Statin Therapy Associated With Reduced Revision Risk Following Hip, Knee Arthroplasty

Statin therapy initiated up to 5 years following total hip or knee arthroplasty may reduce the risk for arthroplasty revision.

The risk for revision surgery in patients who have undergone total hip or knee arthroplasty (THA/TKA) was reduced in patients who initiated statin therapy within 5 years of their original procedure, according to study results published in The Journal of Rheumatology.

Statins, which may affect bone homeostasis and inhibit inflammation, have been proposed as a means of mitigating the risk for and morbidities associated with revision surgery. Investigators aimed to evaluate whether statin exposure timing or duration is related to the risk for THA/TKA revision using an experimental design that differed from prior studies by considering timing relative to the primary surgery.

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A retrospective analysis used data from the Clinical Practice Research Datalink, a large UK population-based effort, to enroll participants who underwent THA/TKA between 1988 and 2016. Cox regression analysis with propensity score adjustment was utilized to determine correlations between statin exposure and THA/TKA revision risk, considering the timing of first exposure and the duration of statin therapy.

The primary exposure was post-arthroplasty statin therapy, while the primary outcome was all-cause revision arthroplasty.

A total of 151,305 individuals (mean age, 69.7 years; 59% women; median follow-up, 3.9 years) were analyzed, with 65,032 (43%) patients exposed to statins following primary arthroplasty and 3500 (2.3%) requiring revision surgery. There were 78,594 and 72,711 people who underwent THA and TKA, respectively.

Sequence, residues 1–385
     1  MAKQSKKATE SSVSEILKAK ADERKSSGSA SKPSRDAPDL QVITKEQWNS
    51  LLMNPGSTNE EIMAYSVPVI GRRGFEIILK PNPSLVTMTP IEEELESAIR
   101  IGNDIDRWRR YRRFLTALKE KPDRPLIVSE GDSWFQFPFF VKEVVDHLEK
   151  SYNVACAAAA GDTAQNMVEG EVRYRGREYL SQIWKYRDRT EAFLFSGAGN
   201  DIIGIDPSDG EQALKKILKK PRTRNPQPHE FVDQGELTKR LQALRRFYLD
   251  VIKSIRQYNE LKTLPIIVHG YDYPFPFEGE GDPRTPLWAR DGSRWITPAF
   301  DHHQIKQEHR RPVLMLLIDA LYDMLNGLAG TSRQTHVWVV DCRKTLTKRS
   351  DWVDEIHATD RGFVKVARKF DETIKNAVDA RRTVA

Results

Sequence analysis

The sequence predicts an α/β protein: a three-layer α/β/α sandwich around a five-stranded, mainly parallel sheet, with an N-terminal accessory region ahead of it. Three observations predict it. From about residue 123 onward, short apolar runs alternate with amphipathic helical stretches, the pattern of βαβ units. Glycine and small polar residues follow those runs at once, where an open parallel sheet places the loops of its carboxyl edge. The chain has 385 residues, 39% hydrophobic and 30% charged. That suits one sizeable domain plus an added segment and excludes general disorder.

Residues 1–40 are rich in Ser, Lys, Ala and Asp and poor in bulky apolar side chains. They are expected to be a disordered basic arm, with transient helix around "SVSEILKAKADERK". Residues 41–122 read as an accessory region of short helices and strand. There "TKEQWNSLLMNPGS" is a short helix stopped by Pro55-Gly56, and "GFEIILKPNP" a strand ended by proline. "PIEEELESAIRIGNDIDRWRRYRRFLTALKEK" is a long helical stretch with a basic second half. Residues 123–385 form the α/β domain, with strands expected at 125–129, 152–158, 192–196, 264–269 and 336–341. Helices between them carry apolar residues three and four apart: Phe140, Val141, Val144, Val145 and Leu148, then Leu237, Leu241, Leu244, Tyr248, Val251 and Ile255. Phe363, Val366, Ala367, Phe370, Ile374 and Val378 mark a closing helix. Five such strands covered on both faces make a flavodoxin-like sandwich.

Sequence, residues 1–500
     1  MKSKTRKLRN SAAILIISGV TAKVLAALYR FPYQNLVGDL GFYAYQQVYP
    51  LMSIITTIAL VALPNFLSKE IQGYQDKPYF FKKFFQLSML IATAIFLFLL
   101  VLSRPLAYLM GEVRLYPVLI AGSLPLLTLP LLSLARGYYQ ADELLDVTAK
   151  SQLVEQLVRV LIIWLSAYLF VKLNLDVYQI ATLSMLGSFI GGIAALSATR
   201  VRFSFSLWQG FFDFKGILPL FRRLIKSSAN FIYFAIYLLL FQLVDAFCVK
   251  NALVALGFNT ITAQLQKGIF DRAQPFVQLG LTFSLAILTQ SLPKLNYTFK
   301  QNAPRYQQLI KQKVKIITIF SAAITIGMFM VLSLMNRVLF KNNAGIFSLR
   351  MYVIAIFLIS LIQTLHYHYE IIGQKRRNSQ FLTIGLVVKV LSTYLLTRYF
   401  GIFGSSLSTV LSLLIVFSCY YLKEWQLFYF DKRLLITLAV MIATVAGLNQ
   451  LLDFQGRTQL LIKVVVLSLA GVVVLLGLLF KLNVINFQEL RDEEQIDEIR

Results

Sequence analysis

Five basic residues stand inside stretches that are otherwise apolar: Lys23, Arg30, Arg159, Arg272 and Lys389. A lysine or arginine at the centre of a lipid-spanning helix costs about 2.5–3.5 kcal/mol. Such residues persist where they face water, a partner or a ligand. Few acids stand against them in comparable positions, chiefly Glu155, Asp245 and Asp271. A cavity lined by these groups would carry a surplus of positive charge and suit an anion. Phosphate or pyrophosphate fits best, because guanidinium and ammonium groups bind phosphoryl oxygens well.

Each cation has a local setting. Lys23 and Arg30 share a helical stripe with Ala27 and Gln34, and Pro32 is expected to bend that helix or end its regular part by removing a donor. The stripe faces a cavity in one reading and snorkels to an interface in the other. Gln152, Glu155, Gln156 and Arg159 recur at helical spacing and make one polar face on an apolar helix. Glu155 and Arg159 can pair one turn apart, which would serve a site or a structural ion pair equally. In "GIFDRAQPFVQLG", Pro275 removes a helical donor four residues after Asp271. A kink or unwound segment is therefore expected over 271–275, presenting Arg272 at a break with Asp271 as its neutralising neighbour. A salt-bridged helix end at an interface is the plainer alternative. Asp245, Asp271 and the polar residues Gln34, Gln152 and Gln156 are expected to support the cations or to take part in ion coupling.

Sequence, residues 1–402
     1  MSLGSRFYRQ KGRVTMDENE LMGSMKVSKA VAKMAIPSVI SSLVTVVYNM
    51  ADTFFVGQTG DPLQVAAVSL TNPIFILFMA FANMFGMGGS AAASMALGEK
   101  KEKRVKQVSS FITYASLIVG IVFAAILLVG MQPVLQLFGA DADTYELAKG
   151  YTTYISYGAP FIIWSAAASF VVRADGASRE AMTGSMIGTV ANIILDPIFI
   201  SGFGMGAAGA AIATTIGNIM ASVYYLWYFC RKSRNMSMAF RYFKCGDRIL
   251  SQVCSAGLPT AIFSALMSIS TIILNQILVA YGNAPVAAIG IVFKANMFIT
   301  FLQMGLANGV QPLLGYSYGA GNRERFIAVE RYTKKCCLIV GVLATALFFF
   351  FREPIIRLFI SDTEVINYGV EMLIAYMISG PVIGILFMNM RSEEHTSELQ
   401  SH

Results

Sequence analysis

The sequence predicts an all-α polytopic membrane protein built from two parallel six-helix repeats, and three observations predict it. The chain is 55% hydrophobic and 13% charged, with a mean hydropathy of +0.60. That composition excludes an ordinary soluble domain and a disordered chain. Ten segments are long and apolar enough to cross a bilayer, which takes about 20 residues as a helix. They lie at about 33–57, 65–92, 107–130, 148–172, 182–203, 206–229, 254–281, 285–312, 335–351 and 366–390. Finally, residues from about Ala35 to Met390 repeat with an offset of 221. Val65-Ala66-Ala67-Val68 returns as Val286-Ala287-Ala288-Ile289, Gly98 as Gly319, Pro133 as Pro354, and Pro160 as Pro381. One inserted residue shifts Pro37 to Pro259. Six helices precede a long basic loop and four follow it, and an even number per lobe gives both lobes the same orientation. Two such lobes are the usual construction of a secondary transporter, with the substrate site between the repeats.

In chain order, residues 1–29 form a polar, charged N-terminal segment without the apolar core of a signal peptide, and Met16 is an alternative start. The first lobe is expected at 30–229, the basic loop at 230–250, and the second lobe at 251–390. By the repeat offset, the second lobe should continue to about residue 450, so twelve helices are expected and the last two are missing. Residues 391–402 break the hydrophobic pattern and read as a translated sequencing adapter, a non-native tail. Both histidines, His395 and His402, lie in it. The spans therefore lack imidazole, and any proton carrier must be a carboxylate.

The cohort was divided into patients with statin exposure (n=65,032; mean age, 70.3 years; 53.7% women ) and patients without exposure (n=86,273; mean age, 69.2 years; 62.9% women). There were 852 (1.3%) patients exposed to statins who required revision arthroplasty compared with 2648 (3.1%) unexposed patients who had revision surgery.

After multivariable adjustment, statin exposure was associated with a lower overall revision risk (hazard ratio [HR], 0.82; 95% CI, 0.75-0.90) with joint stratification showing reduced risk for hip (HR, 0.86; 95% CI, 0.76-0.98) and knee (HR, 0.76; 95% CI, 0.66-0.88). In patients exposed to statins <1 year post-surgery compared with patients unexposed to statins, the HR for revision was 0.82 (95% CI, 0.74-0.91) with an E-value of 1.49; patients exposed to statins 1 to 5 years after surgery had a revision HR of 0.76 (95% CI, 0.65-0.90) with an E-value of 1.64, while patients exposed to statins >5 years after primary arthroplasty had an HR of 0.95 (95% CI, 0.76-1.19).

Considering statin therapy duration, compared with individuals with <1 year total exposure, participants with >5 years exposure also demonstrated reduced revision risk (HR, 0.74; 95% CI, 0.62-0.88).

Study strengths included a large sample representative of UK patients with detailed data on prescriptions, morbidity, and demographics. Study limitations included possible residual confounding, lack of information about which side the primary arthroplasty was performed on, and potential misclassification of participants.

“Given the increasing number of THA/TKA carried out globally and the increased costs and poorer clinical outcomes associated with revision surgery, if the results of our study are confirmed, statins may potentially provide an approach to reducing the risk of revision surgery in patients undergoing primary THA/TKA,” noted the investigators. They recommended that future research endeavor to confirm their findings and identify possible mechanisms of action.


Cook MJ, Sorial AK, Lunt M, Board TN, O’Neill TW. Effect of timing and duration of statin exposure on risk of hip or knee revision arthroplasty: a population-based cohort study [published online March 15, 2019]. J Rheumatol. doi:10.3899/jrheum.180574